Kalanick is stepping downfrom Uber, yet the Silicon Valley machine is in dire need of fixing.

How a single courageous voice sparked a torrent of change at Uber.

Uber is so broken it just needs to be shut-down, argues HBS professor, Benjamin Edelman:

Participation in the global community requires respect for and compliance with the law. It is tempting to discard those requirements when a company brings radically improved services, as many feel Uber did. But in declining to enforce clear-cut rules ... we reward lawbreaking and all its unsavory consequences. Uber’s well-publicized shortcomings show all too clearly why we ought not do so.


Doodling activates the brain's reward pathways.

📺 Netflix overtakes cable by subscribers. (Also, secrets of how Netflix manages to stream content so effectively.)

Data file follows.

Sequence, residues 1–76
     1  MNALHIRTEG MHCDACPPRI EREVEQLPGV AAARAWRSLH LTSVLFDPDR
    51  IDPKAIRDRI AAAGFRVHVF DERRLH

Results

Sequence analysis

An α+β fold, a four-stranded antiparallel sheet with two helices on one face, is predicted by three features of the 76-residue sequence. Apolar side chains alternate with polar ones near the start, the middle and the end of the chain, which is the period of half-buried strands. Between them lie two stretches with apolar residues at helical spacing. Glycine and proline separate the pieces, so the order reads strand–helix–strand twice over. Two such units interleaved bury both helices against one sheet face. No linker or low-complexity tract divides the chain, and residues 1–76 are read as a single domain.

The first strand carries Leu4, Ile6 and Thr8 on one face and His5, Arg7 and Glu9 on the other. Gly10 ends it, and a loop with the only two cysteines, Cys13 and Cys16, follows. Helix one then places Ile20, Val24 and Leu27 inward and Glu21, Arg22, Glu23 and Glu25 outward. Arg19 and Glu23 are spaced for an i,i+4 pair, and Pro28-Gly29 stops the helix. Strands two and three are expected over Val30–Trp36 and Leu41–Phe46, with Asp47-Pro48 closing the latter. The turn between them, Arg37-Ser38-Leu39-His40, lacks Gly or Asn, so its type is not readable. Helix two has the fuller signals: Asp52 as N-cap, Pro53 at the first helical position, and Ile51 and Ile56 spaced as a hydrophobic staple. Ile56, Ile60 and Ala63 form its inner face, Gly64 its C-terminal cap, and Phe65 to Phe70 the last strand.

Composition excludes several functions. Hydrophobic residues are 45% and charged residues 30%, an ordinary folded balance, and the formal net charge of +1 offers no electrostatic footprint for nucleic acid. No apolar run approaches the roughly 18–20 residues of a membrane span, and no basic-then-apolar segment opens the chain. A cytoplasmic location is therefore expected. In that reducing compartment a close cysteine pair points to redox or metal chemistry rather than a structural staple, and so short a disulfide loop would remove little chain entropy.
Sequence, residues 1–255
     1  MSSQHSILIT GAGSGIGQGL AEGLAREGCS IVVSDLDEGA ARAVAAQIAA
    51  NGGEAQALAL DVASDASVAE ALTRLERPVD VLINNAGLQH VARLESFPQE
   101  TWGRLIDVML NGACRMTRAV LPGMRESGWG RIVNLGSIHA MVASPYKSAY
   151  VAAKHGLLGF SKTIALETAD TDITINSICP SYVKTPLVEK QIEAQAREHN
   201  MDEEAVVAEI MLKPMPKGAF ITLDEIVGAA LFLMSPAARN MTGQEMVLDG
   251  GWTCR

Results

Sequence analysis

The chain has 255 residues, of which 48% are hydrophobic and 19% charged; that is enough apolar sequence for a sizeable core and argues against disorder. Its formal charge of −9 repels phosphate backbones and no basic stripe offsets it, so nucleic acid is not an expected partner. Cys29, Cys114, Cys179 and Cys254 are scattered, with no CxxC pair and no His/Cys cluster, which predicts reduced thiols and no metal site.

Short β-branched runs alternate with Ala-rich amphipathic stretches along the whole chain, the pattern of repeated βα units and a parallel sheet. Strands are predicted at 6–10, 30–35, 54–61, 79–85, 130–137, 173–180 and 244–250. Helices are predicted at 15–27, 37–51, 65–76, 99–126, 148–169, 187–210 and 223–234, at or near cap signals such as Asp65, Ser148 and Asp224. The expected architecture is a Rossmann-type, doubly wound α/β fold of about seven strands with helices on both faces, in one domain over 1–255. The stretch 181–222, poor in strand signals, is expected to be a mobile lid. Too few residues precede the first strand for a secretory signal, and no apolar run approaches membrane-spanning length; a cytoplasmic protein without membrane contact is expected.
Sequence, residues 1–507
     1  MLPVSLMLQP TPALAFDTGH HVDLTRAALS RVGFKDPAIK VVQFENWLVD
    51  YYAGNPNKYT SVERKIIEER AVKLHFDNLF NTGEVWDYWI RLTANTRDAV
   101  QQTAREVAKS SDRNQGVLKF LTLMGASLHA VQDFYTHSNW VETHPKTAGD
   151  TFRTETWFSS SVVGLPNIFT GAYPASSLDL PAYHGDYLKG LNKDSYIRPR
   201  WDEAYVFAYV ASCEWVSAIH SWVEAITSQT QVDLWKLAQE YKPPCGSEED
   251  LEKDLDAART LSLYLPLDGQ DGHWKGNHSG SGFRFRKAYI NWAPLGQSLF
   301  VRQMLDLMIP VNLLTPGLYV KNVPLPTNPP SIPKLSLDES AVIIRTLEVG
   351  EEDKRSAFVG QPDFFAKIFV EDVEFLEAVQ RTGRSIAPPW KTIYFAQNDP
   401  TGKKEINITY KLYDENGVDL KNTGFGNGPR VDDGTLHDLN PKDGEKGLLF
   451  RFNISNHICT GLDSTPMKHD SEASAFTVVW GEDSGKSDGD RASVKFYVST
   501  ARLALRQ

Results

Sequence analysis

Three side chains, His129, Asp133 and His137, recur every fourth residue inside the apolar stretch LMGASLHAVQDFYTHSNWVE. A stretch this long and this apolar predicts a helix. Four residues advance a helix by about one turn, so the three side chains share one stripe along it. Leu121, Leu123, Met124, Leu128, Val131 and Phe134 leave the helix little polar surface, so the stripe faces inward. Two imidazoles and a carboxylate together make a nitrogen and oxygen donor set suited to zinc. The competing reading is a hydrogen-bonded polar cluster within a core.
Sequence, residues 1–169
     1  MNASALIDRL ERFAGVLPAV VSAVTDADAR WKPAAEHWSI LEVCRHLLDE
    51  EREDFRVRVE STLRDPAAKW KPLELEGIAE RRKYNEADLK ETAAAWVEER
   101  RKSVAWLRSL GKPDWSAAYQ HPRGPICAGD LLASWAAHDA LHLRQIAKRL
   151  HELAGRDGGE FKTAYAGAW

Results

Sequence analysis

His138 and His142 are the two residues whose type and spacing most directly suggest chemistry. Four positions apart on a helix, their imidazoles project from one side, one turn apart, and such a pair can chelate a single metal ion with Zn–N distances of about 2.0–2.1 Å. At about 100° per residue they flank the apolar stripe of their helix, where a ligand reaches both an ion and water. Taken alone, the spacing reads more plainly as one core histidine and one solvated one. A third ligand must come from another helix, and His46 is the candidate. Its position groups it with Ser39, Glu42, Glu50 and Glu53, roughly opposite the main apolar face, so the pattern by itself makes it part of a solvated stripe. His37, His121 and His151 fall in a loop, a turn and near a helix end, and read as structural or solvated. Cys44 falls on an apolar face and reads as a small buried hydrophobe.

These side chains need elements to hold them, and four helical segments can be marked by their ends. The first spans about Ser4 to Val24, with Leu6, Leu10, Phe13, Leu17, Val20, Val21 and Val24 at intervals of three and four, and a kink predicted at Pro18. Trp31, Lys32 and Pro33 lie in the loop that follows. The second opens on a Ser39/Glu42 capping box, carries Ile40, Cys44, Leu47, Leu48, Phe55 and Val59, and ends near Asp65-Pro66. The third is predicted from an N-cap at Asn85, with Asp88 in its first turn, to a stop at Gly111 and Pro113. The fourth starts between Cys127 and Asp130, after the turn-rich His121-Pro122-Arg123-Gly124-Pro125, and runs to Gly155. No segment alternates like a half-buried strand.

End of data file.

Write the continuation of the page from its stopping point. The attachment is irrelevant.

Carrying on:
EV reader, Eric Wahlforss' SoundCloud has become the home of new underground rap.

How Apple tackles leakers.

Boom SuperSonic gets 76 pre-orders for its supersonic jet.

An all-electric plane powered by an aluminium-air battery has a 600-mile range.

🌶️ Too hot to fly: Climate change takes a toll on air travel.

"Designed in California" is older than Apple; tracing the slogan.

198m voter records lost by Republican political consultancy.

Obama's secret struggle to punish Putin for the attack on US democracy.

Who Americans spend their time with. (Nice graphic.)

🔦 After few failed attempts, new robot will propel its way into the Fukushima reactor to explore the flooded parts.

We’re not alone. Kepler finds 10 Earth-like exoplanets found.

😞 Personal report from a firefighter at Grenfell Tower blaze (harrowing).

Are thought and knowledge community efforts? (Worth reading.)

Thanks to everyone who dropped me a note about the space/satellite industry. Very helpful and hopefully a subject to which to return in a few weeks. Always open to your recommendations, so just hit reply.